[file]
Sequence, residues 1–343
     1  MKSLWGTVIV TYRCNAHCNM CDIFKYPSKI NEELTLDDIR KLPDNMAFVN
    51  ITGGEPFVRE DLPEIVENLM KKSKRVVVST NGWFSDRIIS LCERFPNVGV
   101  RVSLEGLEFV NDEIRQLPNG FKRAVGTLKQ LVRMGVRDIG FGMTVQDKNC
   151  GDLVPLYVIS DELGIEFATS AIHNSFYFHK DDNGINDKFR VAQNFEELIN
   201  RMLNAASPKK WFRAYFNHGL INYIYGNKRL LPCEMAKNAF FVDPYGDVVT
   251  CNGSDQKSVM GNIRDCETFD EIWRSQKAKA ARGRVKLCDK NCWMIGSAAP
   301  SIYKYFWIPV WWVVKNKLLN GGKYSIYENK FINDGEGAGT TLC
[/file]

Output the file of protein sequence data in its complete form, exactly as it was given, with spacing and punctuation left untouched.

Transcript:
Sequence, residues 1–343
     1  MKSLWGTVIV TYRCNAHCNM CDIFKYPSKI NEELTLDDIR KLPDNMAFVN
    51  ITGGEPFVRE DLPEIVENLM KKSKRVVVST NGWFSDRIIS LCERFPNVGV
   101  RVSLEGLEFV NDEIRQLPNG FKRAVGTLKQ LVRMGVRDIG FGMTVQDKNC
   151  GDLVPLYVIS DELGIEFATS AIHNSFYFHK DDNGINDKFR VAQNFEELIN
   201  RMLNAASPKK WFRAYFNHGL INYIYGNKRL LPCEMAKNAF FVDPYGDVVT
   251  CNGSDQKSVM GNIRDCETFD EIWRSQKAKA ARGRVKLCDK NCWMIGSAAP
   301  SIYKYFWIPV WWVVKNKLLN GGKYSIYENK FINDGEGAGT TLC